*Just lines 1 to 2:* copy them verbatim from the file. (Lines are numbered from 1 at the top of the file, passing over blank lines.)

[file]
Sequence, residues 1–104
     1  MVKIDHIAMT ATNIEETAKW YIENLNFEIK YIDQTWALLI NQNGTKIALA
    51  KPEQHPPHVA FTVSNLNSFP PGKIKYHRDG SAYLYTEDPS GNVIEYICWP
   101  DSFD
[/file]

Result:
Sequence, residues 1–104
     1  MVKIDHIAMT ATNIEETAKW YIENLNFEIK YIDQTWALLI NQNGTKIALA